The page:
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Art Ensemble of Chicago 50th Anniversary

Chris May By

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Art Ensemble of Chicago
Barbican Hall
Art Ensemble of Chicago 50th Anniversary
London
November 23, 2019

There is nothing in the rule book which says that a band celebrating its 50th anniversary must avoid new material and instead trawl through its back catalogue. And in any case, the Art Ensemble of Chicago (AEC) threw away the rule book the day it began playing. The band's founding mission-statement was to perform "Great Black Music, Ancient to the Future" and it ignored genre boundaries and the border police and pioneered an uplifting mix of bop, hard bop, doo wop, swing, gospel, blues, r&b, New Orleans traditional, highlife and free jazz.

During its first decade, the AEC was defined by five musicians: reed players Roscoe Mitchell and Joseph Jarman, trumpeter Lester Bowie, bassist Malachi Favors and drummer Famadou Don Moye. Of that quintet, only Mitchell and Moye are still with us. Tonight at the Barbican, they were part of a 13-piece line-up augmented for the occasion by the British saxophonist Shabaka Hutchings and South African cellist Abel Selaocoe, who proved to be among the stars of the show.

The AEC served notice early in 2019 that it would not be marking its anniversary year by simply running through its greatest hits. We Are On The Edge (Pi Records / Erased Tapes), the band's first release in 15 years, rings the changes by featuring a string quartet, an electronicist and performance poet Moor Mother leading a three-piece vocal section. The album (a double) acknowledges the past with new arrangements of some earlier material, but focuses on breaking new ground.

The Barbican set list and band line-up were drawn in large part from We Are On The Edge. The string quartet was expanded to a septet: three basses, two cellos, viola, violin. There was no electronicist—the sole electric instrument on stage was a bass guitar, used only in the encore—and Moor Mother and the other vocalists were replaced by cellist Abel Selaocoe. In two extraordinary passages, Selaocoe was showcased singing in a style which sounded like a combination of traditional South African vocalising and Tibetan throat singing.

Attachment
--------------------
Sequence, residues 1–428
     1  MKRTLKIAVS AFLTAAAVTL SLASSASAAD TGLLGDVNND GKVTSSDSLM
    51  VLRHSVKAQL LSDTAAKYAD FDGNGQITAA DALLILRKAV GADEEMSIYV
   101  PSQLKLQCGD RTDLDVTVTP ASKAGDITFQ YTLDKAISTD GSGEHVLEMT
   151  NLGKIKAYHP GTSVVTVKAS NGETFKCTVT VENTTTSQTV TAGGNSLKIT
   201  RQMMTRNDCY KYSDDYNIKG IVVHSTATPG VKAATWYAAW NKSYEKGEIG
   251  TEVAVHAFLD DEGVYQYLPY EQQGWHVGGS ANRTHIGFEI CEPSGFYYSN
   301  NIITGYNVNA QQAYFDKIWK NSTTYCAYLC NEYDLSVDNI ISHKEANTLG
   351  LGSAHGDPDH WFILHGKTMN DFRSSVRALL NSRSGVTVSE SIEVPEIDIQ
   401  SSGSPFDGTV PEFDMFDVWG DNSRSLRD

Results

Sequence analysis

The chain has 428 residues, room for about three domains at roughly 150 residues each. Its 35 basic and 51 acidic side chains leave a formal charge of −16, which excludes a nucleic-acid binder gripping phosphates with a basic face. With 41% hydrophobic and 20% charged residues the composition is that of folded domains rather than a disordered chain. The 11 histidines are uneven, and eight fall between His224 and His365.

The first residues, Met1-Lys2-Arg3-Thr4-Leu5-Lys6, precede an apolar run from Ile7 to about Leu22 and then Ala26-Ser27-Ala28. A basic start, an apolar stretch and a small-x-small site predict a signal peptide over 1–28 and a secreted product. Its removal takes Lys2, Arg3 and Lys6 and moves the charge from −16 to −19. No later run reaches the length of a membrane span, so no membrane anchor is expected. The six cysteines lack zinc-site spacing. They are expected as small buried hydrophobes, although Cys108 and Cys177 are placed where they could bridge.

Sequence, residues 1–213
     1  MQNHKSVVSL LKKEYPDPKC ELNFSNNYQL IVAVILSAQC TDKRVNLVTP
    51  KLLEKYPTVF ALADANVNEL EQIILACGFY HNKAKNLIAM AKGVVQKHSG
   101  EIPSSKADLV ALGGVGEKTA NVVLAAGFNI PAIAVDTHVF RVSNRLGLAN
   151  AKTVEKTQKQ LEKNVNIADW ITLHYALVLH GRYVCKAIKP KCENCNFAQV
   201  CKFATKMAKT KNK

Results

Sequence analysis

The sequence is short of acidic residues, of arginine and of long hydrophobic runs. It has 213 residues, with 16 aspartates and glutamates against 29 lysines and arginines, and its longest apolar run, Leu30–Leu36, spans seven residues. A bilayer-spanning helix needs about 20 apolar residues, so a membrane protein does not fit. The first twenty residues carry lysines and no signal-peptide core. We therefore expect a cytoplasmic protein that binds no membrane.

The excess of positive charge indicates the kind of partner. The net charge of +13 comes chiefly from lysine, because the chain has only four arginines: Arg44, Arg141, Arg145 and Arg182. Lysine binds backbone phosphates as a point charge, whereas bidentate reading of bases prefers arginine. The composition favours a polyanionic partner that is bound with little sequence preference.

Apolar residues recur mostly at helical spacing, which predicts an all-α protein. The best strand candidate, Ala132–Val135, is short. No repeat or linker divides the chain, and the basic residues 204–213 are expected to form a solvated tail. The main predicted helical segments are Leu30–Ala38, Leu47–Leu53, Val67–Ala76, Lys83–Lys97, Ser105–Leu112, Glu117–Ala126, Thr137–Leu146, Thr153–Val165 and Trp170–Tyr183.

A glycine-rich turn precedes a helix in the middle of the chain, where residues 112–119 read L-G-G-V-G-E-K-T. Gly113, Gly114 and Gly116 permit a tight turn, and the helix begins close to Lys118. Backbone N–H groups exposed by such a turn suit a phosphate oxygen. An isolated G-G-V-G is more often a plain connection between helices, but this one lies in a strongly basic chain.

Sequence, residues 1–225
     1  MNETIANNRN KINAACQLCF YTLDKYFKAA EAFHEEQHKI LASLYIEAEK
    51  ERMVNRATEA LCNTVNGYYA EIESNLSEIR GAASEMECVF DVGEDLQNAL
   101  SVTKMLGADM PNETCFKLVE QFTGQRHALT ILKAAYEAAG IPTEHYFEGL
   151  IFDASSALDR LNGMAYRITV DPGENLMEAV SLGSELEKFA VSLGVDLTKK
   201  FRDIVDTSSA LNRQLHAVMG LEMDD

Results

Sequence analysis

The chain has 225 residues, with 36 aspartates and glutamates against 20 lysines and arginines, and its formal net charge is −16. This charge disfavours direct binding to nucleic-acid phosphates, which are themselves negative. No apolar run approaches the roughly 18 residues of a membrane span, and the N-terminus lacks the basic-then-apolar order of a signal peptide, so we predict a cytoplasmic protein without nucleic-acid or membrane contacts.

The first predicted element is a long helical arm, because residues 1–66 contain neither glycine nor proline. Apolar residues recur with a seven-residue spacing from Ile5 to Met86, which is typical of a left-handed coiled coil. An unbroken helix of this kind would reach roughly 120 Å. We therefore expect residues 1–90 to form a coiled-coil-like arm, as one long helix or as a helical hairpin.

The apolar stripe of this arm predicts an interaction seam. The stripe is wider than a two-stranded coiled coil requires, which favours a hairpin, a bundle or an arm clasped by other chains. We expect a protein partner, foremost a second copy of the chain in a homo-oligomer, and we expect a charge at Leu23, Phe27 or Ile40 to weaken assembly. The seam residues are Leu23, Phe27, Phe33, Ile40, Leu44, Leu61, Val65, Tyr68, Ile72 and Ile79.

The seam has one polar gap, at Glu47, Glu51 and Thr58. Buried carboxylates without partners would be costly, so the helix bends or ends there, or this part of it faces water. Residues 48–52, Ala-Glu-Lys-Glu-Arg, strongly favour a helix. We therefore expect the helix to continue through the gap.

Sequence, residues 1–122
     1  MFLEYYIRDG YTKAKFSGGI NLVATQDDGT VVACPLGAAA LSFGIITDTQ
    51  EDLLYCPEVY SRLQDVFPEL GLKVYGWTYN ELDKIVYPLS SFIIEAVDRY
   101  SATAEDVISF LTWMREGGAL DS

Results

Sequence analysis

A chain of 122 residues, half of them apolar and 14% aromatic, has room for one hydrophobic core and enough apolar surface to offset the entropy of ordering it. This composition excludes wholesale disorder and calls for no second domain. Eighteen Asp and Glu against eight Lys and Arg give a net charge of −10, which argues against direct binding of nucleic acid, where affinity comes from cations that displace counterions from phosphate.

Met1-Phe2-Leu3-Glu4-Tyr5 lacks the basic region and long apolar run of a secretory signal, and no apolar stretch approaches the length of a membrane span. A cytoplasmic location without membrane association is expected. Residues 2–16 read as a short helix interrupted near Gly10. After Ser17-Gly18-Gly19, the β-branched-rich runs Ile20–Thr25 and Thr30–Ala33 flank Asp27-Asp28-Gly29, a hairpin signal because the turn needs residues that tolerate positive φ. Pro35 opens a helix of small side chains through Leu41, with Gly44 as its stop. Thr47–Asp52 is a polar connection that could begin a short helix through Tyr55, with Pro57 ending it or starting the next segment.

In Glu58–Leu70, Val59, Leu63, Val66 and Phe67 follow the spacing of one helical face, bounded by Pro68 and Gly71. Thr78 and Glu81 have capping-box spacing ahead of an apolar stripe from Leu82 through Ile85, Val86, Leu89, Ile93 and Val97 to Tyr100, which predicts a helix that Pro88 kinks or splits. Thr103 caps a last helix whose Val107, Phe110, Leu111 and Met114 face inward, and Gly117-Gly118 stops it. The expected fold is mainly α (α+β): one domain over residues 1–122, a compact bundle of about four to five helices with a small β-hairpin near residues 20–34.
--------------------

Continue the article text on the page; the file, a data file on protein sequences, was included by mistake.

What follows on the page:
Like the album, tonight's performance may not have struck a deep chord with all longtime AEC fans, although it was well received, and there were undeniable longueurs during the first 80 minutes, particularly during the string-section-only first quarter-hour. This resembled a perversely prolonged tune-up and was about as interesting to listen to as paint is to watch drying. But the performance, which was presented without breaks as one continuous and mostly abstract piece of music, struck gold during Shabaka Hutchings' fierce extended solo, accompanied by urgent drums and percussion, Abel Selaocoe's passionate and otherworldly vocalising, an unaccompanied sopranino saxophone workout from Roscoe Mitchell, and an all-too-brief deep-groove section featuring the three bassists arco-riffing alongside Simon Sieger's tuba.

Old-style AEC surfaced during the final piece, "Odwalla" (from the 1973 Atlantic album Bap-Tizum), arranged tonight to sound like Art Blakey's Jazz Messengers with a string section (a genius idea), and the encore, "Funky AECO" (from the 1985 ECM album The Third Decade). Given the applause which greeted both numbers, some people in the audience would likely have welcomed more in the same vein. Others will congratulate Mitchell and Moye for continuing to explore new territory, even after all these years.

Personnel: Roscoe Mitchell: soprano and sopranino saxophones, flute; Famoudou Don Moye: drums, congas, djembè, percussion; Hugh Ragin: trumpet, piccolo trumpet; Simon Sieger: trombone, tuba; Brett Carson: piano; Jean Cook: violin; Eddy Kwon: viola; Tomeka Reid: cello; Silvia Bolognesi: bass; Junius Paul: bass; Jaribu Shahid: bass; Kikanju Baku: drums, percussion; Enoch Williamson: African drums, percussion. Guests: Shabaka Hutchings: tenor saxophone; Abel Selaocoe: cello.

Photo: Mark Allan / Barbican
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